Olympic track medalist Raevyn Rogers, ’14 visits Kinkaid

Head+of+School+Jonathan+Eades%2C+Mayor+of+Piney+Point+Mark+Kobelan%2C+Olympic+Medalist+Raevyn+Rogers+14%2C+Olympic+Coach+Megan+Watson%2C+and+Athletic+Director+David+Holm+pose+for+a+picture.++

Eshaan Mani

Head of School Jonathan Eades, Mayor of Piney Point Mark Kobelan, Olympic Medalist Raevyn Rogers ’14, Olympic Coach Megan Watson, and Athletic Director David Holm pose for a picture.

Eshaan Mani, Executive Digital Editor

Raevyn Rogers, ‘14, strode down the track with her grandmother and waved to Kinkaid students as the school band played the Olympic theme song. 

Rogers, wearing a white dress and donning a bronze medal around her neck, is Kinkaid’s first Olympian.

The school community joined Rogers in celebrating and honoring her recent win at the 2020 Tokyo Olympics on a special occasion called “Raevyn Rogers Day.”

During the ceremony, which was live-streamed on YouTube for those watching from home, Rogers and Megan Watson, Olympic and Kinkaid track coach, were issued proclamations from Mr. Mark Kobelan, mayor of Piney Point, on their contributions to the city’s legacy. 

Raevyn Rogers (left) poses with Kinkaid and Olympic track coach Megan Watson (right)

In her speech after receiving the proclamation, Rogers fondly acknowledged Ms. Cheryl Mitchell, girls’ cross country head and the wellness director. Ms. Mitchell coached Rogers in track and field. 

Rogers said Ms. Mitchell has been one of the most consistent supporters in her life. 

“She’s been there for me in my college and professional years. Even my new coach is like: ‘who is this woman?’ and I say ‘don’t worry. She’s here for the long run,” Rogers said.

Rogers’ sports achievements began at Kinkaid, where she was a multi-sport varsity athlete. She still holds individual school records in the 400 meters and 800 meters. 

Mr. Jonathan Eades, head of school (left), speaks with Raevyn Rogers (right).

Outside of school, she earned a bronze medal in the 800 meters and a gold medal in the relay at the World Youth Championships in 2013, when she was in her junior year at Kinkaid. She went on to run on the track and field team at the University of Oregon in Eugene.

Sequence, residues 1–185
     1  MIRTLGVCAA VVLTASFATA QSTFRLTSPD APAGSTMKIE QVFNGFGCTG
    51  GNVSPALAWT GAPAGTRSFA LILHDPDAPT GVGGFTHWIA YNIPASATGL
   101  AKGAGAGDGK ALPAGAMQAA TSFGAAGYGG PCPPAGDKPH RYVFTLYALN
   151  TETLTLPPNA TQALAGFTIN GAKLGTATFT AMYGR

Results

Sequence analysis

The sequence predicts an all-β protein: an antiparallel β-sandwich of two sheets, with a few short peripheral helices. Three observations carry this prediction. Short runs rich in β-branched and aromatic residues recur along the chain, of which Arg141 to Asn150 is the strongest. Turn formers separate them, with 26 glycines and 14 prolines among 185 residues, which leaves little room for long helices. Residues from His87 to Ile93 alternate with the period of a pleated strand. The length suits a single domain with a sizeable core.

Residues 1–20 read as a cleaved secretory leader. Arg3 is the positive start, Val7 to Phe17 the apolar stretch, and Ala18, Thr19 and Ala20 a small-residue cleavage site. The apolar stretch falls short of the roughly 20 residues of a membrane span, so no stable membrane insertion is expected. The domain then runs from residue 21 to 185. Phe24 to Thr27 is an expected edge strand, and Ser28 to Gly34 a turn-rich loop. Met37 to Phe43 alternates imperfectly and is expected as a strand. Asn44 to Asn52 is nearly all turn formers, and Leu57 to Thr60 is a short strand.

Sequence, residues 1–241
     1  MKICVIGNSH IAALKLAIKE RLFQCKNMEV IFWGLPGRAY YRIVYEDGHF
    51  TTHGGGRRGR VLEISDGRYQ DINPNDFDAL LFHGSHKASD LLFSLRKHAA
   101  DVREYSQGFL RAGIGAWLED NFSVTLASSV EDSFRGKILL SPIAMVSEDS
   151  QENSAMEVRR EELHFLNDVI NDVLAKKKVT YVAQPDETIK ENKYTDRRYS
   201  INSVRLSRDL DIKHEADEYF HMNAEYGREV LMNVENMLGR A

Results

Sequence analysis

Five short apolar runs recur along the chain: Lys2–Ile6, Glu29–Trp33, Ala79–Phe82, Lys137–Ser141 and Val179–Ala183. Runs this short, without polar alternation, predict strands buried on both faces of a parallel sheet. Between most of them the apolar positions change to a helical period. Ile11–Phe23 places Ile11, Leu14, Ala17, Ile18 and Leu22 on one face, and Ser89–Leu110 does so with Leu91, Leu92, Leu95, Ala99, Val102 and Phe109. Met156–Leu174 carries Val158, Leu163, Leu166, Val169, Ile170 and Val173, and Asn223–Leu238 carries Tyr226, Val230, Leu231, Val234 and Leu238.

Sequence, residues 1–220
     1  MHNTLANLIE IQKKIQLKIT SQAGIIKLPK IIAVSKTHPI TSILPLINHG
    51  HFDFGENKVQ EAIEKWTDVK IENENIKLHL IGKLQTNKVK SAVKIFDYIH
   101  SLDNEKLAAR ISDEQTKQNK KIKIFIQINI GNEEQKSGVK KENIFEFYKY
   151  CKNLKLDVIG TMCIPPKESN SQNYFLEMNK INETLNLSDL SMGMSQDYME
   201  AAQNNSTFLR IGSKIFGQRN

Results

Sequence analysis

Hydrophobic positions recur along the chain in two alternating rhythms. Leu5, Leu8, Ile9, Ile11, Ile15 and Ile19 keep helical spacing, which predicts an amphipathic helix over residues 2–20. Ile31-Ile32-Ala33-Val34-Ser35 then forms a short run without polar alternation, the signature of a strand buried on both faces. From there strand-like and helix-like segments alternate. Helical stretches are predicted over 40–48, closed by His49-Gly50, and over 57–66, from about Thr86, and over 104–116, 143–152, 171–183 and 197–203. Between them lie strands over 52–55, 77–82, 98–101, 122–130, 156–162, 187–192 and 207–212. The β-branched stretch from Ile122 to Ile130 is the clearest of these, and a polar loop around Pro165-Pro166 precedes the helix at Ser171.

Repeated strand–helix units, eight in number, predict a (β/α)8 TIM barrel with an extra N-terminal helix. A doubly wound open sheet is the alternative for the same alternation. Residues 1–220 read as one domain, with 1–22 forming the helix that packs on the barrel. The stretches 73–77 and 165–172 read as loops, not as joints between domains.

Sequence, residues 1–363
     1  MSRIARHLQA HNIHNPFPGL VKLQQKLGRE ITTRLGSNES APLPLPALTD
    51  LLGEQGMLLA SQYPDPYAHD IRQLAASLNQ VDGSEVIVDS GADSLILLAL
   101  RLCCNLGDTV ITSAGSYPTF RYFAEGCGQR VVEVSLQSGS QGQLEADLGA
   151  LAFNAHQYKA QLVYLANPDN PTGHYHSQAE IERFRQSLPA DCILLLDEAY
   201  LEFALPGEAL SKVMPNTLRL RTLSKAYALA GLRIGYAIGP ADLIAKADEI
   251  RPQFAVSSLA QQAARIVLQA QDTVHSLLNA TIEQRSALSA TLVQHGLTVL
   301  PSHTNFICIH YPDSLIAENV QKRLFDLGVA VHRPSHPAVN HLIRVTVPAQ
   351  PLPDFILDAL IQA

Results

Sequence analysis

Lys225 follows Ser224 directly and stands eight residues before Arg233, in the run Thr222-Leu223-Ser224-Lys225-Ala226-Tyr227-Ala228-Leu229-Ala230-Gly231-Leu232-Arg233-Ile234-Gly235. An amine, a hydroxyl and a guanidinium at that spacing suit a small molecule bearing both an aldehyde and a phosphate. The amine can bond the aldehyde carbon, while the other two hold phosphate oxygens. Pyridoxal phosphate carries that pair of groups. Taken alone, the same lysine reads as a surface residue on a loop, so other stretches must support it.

Rogers achieved a time of 1:56:81 at the Tokyo Olympics on Aug. 3, 2021, securing the bronze medal. 

Mr. David Holm, director of athletics, announced that given Rogers’ achievements in track and field, the annual Kinkaid Track Invitational will be renamed the Raevyn Rogers Invitational. 

“I look forward to returning in March to inaugurate my event!” Rogers said. 

Kinkaid’s six Junior Olympians – Kevriana Scott, ‘22, Kennedi Poullard, ‘22, Catherine Gordon, ‘24,  London Norris, ‘24 Aby Deverka, ‘24 and Merritt Skubisz, ‘25 – were also recognized by Mr. Holm for their achievements in track and field as well as field hockey. 

“Every day is truly a great day to be a Falcon!” Mr. Holm said, celebrating all the athletic accomplishments of the Kinkaid community.

Rogers said that her biggest lesson throughout the process has been to not take every win or loss too seriously. 

“Some Ls are dubs. Your journey in life, in sports and in academics is all about progress,” Rogers said. 

The Segal Field entryway decked out in balloons to celebrate “Raevyn Rogers Day”
Raevyn Rogers (left) embraces Ray Reason, Transportation Coordinator and Building Operator